NASA’s InSight lander has been chilling out on Mars for many months now. NASA has had an incredible string of luck with its Mars missions and unfortunately, it’s looking increasingly like InSight will prove to be one of the more troublesome missions that the space agency has ever launched to the Red Planet. You’d think a lander mission would be a great deal easier to pull off than a rover adventure, but InSight has proven us all wrong on that front.
It’s not that InSight has been an overall failure, but the mission has seen more than its share of challenges. The shortcomings of the self-hammering “mole” tool that was supposed to bury itself in the Martian surface but has now been given up on were a real shame, and now NASA is trying to work out how it can more accurately detect quakes on Mars in the midst of shifting weather. In a new post by NASA’s Jet Propulsion Laboratory, the InSight team reveals what it’s doing to calm things down… and it’s hilarious.
InSight has many instruments at its disposal — one less now that the mole is officially dead and buried — but one of its most important is a large seismometer with a dome-shaped shell. It’s that seismic sensor that should be listening closely for quakes rolling through the crust of the planet, but scientists quickly realized that the domed shell wasn’t enough to prevent the wind from registering false sensor readings.
Unfortunately, there’s not much that can be done about the wind now that the spacecraft has landed, but one of the other issues with the readings is that the long cable that connects the seismic sensor to the lander itself appears to be making noise. It’s believed that the extreme temperature swings on the surface — from almost -150 degrees Fahrenheit at night to 32 degrees Fahrenheit during the day — are causing the material in the cables to expand and contract. When this happens, the cables “pop” in the same way that a piece of metal on Earth does when it experiences dramatic temperature changes.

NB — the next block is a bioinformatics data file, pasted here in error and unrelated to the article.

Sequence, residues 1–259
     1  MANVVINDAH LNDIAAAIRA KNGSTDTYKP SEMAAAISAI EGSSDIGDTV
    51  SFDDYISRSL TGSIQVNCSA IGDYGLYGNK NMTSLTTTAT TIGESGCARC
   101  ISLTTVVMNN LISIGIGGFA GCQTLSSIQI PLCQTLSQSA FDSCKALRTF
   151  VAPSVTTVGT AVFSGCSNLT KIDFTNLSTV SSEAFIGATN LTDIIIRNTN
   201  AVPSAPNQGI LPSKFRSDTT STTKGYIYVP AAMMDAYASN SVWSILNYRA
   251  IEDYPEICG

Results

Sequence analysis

You can’t exactly run a maintenance mission to Mars to swap out the cable with something else, so the InSight team has to improvise. It’s doing so by using the lander’s robotic arm and scooper attachment to collect Mars soil and then drop it on the cable. It’s kind of like using a construction toy to scoop sand up when you were a kid, only this is an $800+ million NASA mission and the beach is on another planet.
The hope is that by covering the cable with soil, the cable won’t be as vulnerable to temperature changes. If the cable can warm and cool at a slower rate, it may help prevent the popping behavior and reduce the noise in the readings. Let’s hope it works!